Those currently incarcerated are among the most vulnerable of our population when it comes to COVID-19, as the crowded living conditions make them far more susceptible to catching the disease. Exorbitant calling fees have also made it harder for inmates to check in on their loved ones during these trying times. At least, they did.
Politico reports that the Federal Bureau of Prisons is making calls and video visitation free for inmates. This comes after they had to put a stop to in-person visits. Last month, a group of senators led by Amy Klobuchar wrote a letter encouraging bureau Director Michael Carvajal to waive the often high fees that come with inmates trying to call their families. “Effective April 9, 2020, telephone calls were made free for the inmate population. Video-visiting, which is available to our female population, was also made free on that same date,” Carvajal wrote in response.
Last month’s $2.2 trillion relief package from Congress included language, with the Justice Department’s blessing, allowing the bureau to make such communication services free for inmates if emergency conditions materially affect operations. Carvajal’s letter confirmed that it had done so.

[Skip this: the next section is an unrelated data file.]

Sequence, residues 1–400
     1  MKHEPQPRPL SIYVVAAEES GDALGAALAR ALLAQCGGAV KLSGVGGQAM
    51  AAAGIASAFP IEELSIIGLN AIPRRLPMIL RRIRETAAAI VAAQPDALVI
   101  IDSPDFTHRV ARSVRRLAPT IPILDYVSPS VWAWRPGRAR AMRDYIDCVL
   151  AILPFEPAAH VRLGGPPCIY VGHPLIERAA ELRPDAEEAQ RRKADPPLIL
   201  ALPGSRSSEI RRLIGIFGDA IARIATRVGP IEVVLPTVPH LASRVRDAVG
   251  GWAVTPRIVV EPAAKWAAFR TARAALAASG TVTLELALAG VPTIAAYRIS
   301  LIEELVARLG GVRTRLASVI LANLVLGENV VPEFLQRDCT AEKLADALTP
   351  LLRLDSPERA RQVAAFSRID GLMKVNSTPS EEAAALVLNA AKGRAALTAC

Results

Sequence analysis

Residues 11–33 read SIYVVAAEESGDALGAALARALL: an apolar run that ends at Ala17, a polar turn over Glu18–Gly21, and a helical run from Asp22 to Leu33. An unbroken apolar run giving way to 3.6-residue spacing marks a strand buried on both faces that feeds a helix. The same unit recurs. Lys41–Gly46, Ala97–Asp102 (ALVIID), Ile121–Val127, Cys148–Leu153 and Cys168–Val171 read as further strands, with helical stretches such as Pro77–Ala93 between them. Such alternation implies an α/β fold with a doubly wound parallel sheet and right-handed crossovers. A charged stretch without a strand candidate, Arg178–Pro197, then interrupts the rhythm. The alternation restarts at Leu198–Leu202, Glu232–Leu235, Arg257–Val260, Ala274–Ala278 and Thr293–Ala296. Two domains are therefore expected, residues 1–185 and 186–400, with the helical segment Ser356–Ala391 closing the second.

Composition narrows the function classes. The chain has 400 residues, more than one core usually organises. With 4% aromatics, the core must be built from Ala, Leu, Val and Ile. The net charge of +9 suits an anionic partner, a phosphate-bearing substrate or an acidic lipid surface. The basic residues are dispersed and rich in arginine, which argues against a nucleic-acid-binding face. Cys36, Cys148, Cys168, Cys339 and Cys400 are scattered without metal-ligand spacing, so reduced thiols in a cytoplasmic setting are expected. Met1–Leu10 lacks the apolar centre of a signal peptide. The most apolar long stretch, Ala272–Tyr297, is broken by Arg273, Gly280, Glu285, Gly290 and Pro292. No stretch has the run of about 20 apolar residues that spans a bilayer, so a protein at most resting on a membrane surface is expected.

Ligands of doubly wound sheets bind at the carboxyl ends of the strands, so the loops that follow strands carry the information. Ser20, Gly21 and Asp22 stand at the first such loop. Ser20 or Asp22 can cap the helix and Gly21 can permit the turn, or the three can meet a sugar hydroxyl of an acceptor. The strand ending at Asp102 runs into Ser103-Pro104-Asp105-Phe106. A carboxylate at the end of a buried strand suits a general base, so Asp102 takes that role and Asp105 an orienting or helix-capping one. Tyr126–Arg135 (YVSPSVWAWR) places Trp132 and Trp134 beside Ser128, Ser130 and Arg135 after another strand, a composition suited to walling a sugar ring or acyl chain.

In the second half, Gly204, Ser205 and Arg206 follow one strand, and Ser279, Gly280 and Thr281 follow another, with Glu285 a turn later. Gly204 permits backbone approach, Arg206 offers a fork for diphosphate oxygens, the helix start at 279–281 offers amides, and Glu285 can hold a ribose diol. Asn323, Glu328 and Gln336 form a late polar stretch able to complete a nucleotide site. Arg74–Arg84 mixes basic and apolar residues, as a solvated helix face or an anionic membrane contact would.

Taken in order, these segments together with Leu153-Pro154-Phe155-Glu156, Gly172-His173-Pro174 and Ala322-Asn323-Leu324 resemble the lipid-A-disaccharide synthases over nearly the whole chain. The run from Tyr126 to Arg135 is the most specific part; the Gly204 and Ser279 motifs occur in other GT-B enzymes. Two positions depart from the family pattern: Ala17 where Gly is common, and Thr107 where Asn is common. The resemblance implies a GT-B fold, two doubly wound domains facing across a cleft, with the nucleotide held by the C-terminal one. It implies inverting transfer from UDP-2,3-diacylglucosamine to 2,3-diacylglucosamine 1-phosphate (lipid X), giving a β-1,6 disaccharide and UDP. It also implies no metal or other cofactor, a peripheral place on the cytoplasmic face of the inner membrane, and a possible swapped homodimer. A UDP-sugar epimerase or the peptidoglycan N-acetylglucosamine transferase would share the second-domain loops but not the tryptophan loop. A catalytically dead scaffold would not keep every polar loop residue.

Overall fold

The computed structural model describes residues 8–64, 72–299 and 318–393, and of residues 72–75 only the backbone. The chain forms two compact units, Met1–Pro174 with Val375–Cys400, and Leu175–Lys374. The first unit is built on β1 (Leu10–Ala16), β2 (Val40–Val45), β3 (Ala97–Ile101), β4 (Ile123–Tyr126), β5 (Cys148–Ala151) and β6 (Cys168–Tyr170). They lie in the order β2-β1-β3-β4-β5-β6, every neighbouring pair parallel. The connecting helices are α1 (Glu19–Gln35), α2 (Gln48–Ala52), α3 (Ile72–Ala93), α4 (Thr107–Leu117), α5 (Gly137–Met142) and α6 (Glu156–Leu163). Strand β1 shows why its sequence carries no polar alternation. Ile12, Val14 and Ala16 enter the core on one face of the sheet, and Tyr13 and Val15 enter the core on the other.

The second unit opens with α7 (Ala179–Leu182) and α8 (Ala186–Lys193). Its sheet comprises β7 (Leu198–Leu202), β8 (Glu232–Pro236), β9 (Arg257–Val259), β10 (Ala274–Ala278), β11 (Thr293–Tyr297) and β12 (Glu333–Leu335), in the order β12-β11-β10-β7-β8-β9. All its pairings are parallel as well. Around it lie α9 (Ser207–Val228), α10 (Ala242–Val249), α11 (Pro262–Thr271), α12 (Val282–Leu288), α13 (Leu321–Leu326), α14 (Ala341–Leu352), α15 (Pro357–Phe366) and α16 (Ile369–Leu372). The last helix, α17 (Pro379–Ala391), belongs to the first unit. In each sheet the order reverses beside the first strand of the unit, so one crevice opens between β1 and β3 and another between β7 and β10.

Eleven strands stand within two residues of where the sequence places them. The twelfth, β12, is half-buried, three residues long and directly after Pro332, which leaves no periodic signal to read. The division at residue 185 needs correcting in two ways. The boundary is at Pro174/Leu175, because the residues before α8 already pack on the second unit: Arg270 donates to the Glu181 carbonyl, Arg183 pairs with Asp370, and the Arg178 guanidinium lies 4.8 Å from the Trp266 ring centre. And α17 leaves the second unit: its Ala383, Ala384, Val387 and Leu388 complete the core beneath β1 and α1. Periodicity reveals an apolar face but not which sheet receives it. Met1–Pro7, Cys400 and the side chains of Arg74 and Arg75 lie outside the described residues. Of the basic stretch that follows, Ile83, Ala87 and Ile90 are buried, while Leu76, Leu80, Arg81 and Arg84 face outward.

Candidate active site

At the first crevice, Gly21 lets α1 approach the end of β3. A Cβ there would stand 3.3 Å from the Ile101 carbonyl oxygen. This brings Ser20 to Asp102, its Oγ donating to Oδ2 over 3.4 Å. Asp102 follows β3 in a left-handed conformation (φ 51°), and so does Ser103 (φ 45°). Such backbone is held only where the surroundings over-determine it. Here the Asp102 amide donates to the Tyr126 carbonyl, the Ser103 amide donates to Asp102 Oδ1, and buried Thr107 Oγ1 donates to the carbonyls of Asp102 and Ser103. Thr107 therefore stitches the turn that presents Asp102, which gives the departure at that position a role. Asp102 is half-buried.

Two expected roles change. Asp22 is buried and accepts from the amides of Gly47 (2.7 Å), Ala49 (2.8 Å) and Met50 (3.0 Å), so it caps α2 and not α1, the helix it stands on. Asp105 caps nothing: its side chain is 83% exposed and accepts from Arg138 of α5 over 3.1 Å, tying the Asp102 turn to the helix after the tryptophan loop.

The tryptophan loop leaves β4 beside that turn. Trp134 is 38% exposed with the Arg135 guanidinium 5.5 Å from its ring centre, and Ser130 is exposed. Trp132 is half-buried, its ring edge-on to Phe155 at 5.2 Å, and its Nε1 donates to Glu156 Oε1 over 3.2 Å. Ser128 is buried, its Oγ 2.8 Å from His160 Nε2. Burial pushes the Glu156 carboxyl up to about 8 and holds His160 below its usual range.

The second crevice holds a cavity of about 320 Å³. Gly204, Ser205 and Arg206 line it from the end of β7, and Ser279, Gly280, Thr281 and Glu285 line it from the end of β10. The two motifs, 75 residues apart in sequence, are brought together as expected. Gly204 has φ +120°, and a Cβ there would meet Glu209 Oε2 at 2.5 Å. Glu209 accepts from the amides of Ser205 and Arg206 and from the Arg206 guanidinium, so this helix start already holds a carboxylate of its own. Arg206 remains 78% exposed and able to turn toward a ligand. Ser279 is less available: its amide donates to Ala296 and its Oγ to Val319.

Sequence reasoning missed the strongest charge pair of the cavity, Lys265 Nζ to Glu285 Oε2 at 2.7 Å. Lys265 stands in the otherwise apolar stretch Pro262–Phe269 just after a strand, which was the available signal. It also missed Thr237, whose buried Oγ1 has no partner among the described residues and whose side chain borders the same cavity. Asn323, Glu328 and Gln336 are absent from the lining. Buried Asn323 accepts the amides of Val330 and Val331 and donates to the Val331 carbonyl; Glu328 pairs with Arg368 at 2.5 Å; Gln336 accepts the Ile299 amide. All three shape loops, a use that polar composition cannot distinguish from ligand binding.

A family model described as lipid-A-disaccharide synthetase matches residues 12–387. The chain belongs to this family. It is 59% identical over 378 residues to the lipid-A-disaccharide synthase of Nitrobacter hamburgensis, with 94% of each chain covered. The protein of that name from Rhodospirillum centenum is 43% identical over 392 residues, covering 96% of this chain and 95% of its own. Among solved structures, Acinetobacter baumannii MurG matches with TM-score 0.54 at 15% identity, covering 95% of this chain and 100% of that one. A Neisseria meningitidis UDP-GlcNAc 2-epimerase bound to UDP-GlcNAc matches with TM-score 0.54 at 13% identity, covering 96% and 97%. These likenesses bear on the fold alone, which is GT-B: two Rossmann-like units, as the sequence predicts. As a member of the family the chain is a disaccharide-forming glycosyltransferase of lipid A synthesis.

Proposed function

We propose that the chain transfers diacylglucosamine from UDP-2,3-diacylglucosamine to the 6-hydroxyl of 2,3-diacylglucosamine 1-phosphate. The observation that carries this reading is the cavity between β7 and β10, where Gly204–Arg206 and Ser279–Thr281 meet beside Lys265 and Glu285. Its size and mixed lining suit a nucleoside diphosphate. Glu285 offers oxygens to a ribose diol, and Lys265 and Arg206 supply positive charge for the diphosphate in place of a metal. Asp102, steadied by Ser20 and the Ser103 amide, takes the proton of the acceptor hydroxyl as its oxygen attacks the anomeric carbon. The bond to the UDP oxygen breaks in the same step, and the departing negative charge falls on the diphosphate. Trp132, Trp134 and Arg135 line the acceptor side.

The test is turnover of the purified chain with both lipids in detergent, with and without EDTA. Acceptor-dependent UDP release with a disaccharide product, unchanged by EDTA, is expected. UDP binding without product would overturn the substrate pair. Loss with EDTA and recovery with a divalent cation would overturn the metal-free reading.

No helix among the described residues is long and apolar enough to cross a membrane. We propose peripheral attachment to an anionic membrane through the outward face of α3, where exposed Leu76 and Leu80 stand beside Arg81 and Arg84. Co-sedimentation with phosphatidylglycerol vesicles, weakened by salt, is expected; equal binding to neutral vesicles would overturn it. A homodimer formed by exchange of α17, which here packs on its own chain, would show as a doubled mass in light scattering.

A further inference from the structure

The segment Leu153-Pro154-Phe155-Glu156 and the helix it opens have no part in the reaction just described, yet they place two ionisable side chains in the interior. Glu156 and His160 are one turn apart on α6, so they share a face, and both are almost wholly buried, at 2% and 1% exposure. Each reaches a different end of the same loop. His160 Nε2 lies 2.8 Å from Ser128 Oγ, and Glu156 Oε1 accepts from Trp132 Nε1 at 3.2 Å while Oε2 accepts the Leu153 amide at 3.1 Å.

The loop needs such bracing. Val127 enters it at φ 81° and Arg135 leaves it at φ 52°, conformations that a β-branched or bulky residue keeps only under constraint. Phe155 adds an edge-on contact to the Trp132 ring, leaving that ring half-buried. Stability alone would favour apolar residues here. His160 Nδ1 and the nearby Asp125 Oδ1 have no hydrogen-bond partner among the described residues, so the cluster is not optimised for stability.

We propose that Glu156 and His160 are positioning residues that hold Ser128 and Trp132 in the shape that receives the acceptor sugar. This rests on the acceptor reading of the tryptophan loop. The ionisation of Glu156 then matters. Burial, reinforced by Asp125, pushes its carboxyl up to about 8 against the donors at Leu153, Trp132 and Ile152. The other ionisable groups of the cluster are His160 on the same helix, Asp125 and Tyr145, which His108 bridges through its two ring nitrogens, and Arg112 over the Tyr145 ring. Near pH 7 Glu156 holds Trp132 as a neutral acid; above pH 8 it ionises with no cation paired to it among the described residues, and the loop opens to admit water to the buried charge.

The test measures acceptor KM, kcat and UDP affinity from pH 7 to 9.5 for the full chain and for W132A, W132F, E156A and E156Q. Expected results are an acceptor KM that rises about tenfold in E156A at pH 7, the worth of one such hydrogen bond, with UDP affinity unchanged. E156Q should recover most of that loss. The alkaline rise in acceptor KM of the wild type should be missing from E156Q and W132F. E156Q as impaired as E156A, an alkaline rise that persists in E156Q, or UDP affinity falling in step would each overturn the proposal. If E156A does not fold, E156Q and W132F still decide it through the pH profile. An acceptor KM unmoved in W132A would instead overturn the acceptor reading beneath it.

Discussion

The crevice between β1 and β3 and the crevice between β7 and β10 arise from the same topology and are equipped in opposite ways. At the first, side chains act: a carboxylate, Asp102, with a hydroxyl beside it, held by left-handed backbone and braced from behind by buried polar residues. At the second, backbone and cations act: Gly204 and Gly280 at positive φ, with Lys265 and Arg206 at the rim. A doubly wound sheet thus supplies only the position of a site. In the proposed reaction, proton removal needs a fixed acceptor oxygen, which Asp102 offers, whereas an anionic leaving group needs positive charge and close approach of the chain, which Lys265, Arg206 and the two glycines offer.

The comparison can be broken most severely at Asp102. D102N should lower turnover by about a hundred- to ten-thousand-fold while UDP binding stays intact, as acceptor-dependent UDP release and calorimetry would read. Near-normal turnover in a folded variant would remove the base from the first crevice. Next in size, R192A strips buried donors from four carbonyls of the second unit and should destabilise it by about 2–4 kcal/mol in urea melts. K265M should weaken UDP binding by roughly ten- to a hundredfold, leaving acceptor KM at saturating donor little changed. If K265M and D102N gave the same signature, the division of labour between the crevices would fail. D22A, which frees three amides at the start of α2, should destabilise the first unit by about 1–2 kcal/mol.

The price inmates have to pay to contact their families has long been a concern for advocacy groups. “Inmates are still required to pay as much as 25 cents per minute in addition to fees charged each call,” wrote the senators in their letter. Given that inmates now have no ability to see their families in person, those concerns only intensified.
At a time where staying in contact with loved ones is both a balm and a necessity, it’s great that the Bureau did the right thing here. There are 122 prisons under federal oversight.